Understanding Constructive Criticism: Definition, Tips and Examples

By Indeed Editorial Team

Updated July 12, 2022 | Published December 12, 2019

Updated July 12, 2022

Published December 12, 2019

The Indeed Editorial Team comprises a diverse and talented team of writers, researchers and subject matter experts equipped with Indeed's data and insights to deliver useful tips to help guide your career journey.

Giving and receiving constructive criticism can be difficult. Whether you are performing an annual review or implementing an employee improvement plan, offering effective criticism can be crucial to the growth and development of your team. However, when you apply a variety of strategies for delivering constructive criticism, your employees can benefit from actionable feedback. In this article, we’ll discuss what constructive criticism is, effective strategies for implementation and steps you can take to deliver effective constructive criticism with examples.

What is constructive criticism?

Constructive criticism is a helpful way of giving feedback that provides specific, actionable suggestions. Rather than providing general advice, constructive criticism gives specific recommendations on how to make positive improvements. Constructive criticism is clear, to the point and easy to put into action.

Constructive criticism can be a part of implementing improvement strategies to help employees set and achieve their work goals. It can also create a positive atmosphere where the staff is comfortable to ask questions, request assistance and offer their own feedback and ideas. Ultimately, constructive criticism can provide ways for your employees to better understand your expectations and how to meet and even exceed them.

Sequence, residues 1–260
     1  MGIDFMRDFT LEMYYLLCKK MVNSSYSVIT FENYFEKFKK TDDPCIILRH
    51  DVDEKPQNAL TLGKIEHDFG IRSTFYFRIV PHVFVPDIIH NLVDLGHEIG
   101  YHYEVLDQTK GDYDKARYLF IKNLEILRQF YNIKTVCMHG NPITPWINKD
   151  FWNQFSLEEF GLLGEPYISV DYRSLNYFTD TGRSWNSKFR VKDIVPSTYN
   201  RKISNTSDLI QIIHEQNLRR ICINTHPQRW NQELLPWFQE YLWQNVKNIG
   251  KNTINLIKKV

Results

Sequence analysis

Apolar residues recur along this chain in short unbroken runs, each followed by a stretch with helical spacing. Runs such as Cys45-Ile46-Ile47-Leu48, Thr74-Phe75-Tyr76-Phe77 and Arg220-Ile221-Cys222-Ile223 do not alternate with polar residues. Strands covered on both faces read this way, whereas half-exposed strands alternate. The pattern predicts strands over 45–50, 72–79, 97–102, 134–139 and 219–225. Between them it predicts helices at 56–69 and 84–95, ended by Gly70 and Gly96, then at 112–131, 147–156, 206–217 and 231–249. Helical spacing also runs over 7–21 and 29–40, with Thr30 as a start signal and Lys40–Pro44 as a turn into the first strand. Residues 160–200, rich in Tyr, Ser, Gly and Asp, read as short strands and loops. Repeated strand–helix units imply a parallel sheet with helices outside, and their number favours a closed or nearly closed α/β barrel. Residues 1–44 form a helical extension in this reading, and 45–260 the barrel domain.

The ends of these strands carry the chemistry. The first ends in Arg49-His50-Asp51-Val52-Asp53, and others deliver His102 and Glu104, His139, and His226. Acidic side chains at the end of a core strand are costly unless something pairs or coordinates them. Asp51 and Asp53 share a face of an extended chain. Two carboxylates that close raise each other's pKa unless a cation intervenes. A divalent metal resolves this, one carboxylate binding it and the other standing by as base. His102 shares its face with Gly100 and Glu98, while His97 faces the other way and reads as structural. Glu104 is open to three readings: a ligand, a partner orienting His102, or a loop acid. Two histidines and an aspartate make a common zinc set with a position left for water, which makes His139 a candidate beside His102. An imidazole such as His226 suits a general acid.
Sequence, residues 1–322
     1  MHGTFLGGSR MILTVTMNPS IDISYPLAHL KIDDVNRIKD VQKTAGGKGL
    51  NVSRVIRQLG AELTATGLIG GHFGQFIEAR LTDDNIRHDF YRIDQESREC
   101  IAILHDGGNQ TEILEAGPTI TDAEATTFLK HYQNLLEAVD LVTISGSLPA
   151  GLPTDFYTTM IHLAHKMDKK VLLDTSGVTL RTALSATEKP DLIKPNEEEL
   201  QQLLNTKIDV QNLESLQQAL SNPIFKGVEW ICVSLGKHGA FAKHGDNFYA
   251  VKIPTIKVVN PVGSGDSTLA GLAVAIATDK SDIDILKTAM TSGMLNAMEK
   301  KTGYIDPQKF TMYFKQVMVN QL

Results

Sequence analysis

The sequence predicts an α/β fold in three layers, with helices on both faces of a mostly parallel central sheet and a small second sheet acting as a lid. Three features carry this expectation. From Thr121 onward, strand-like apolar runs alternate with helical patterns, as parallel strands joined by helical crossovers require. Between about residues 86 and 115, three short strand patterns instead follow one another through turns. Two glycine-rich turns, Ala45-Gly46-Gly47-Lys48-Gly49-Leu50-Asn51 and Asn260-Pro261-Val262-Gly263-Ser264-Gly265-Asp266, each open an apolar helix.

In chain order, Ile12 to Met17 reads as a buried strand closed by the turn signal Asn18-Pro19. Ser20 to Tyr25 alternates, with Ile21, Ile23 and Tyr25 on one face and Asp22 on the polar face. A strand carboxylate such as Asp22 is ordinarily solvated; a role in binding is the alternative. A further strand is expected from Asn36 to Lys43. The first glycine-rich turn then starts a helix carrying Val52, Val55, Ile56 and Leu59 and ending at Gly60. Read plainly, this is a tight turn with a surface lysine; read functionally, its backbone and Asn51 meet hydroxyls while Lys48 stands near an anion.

Related: A Guide to Giving Constructive Criticism

5 tips for giving constructive criticism

Delivering constructive criticism can be an effective starting point for implementing improvement plans, setting objectives for developing skills and increasing overall growth in the workplace. Consider the following strategies for giving direct and actionable feedback:

  • Consider using the sandwich method.

  • Use the “I” language strategy.

  • Focus on the action or behavior.

  • Include specific positive praise.

  • Provide actionable feedback.

Consider using the sandwich method

The sandwich method delivers constructive criticism in between specific praise statements. With this strategy, an evaluation or employee review is opened with praise for what an employee has done well before discussing which aspects of their performance need improvement. The critique is then concluded with another specific praise.

Using the sandwich strategy can be an effective way to deliver actionable feedback to your employees. Consider approaching your employee review or meeting with the sandwich strategy by opening your conversation with praise about a success, high work ethic or met objective. Focus on offering productive advice and plans for improvement and offer your assistance before closing your conversation.